The Biden administration will grant temporal deportation relief and work permits to Cameroonians living in the United States.
The Homeland Security department announced on Friday (April 15) stating extreme violence between government forces and armed separatists in the African nation makes it unsafe for them to return.
The 18 months reprieve will only apply to Cameroonians who were in the US by Thursday, April 14, according to the DHS.
An estimated 12,000 Cameroonians will be eligible for the status, according to the department.
"Extreme violence and the widespread destruction of civilian infrastructure have led to economic instability, food insecurity, and several hundred thousand displaced Cameroonians without access to schools, hospitals, and other critical services," the department said.
Cameroon becomes the 14th country eligible for Temporary Protected Status, a program created in 1990 for people from countries stricken by civil strife or natural disasters.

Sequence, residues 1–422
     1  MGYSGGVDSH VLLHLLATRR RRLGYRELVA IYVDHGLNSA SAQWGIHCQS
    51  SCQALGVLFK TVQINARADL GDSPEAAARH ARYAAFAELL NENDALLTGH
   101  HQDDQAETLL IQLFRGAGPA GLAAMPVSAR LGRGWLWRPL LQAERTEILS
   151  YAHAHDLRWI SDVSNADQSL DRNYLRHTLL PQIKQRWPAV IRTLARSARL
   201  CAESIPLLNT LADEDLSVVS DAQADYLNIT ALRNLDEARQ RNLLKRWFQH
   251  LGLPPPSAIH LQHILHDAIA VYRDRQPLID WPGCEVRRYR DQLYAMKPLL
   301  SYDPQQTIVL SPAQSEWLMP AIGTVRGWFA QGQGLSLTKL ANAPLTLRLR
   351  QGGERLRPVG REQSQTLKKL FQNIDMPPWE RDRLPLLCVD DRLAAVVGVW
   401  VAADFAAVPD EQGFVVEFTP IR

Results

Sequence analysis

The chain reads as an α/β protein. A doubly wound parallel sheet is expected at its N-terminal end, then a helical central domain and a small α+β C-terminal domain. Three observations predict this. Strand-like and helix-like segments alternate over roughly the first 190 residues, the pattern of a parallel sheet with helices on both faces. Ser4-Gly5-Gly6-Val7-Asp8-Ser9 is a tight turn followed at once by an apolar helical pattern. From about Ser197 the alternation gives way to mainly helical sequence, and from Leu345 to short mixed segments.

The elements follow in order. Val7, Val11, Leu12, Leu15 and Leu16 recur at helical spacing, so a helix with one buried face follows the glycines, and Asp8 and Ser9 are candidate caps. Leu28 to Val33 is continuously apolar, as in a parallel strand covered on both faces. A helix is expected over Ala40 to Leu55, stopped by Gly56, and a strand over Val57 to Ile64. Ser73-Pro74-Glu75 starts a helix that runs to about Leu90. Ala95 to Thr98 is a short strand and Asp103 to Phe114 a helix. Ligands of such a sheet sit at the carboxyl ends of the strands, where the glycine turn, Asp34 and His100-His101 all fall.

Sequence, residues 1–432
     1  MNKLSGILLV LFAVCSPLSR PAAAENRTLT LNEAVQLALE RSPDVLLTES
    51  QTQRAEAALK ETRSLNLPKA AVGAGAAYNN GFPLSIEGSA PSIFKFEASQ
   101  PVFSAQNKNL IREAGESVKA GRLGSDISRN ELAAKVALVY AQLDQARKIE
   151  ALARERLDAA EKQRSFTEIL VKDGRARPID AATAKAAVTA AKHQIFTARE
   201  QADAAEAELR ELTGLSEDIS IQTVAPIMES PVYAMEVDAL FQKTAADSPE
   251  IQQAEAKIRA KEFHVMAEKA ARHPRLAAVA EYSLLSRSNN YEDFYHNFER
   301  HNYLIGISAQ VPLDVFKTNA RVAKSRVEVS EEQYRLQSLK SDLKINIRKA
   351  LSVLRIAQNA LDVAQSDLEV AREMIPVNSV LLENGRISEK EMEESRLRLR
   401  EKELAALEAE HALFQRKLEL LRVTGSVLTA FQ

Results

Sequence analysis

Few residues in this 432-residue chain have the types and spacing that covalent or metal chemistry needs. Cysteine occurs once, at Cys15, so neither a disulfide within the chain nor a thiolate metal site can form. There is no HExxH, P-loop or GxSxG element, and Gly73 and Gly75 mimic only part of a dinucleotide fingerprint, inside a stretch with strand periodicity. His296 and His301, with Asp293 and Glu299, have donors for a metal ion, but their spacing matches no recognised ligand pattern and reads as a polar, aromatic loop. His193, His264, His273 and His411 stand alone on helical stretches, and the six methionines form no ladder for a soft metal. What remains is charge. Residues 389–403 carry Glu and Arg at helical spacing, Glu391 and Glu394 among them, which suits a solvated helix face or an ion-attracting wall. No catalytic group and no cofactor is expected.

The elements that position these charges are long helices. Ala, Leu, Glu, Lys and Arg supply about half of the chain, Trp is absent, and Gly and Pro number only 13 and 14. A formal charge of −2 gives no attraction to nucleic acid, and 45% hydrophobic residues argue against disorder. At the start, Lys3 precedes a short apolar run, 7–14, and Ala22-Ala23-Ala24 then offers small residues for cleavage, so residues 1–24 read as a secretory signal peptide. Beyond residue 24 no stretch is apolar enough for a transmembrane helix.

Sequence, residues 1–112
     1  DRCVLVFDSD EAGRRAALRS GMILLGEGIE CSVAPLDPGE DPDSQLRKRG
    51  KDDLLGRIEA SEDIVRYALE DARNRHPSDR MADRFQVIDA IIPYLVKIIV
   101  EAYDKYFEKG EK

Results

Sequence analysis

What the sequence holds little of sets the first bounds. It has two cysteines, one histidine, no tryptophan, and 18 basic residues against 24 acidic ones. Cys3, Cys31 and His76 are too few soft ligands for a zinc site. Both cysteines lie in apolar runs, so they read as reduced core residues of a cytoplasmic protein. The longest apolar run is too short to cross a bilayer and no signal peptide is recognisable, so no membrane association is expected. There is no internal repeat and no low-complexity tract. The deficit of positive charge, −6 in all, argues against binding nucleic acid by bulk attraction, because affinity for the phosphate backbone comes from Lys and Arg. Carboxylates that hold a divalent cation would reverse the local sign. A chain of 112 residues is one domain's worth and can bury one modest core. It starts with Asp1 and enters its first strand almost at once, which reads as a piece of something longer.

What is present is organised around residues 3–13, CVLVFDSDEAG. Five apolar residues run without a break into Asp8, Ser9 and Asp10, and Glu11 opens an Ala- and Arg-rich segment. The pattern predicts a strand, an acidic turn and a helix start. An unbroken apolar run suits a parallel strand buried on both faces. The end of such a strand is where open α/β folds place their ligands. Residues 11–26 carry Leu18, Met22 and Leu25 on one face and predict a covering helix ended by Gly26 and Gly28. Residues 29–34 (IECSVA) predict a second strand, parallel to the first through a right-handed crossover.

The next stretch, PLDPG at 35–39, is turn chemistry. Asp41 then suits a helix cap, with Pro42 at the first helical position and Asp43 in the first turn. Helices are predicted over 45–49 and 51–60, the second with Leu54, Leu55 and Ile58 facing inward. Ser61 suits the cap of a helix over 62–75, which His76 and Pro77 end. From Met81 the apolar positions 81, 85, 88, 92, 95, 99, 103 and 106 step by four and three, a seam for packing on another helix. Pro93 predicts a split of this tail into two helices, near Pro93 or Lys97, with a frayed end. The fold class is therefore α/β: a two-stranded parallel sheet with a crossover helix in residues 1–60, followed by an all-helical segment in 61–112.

According to the Human Rights Watch, there are dozens of cases of Cameroonian authorities subjecting asylum seekers deported by the United States to human rights violations such as arbitrary arrest and torture.
About 200,000 El Salvadorans have had temporary status since 2001 after an earthquake hit the Central American country.
The Biden administration previously created a temporary status for people from Myanmar, Haiti, Venezuela and Ukraine. The designation of Ukraine, which followed Russia's invasion, increased calls for Cameroon to get the same treatment, with some advocates for the African country claiming racial bias.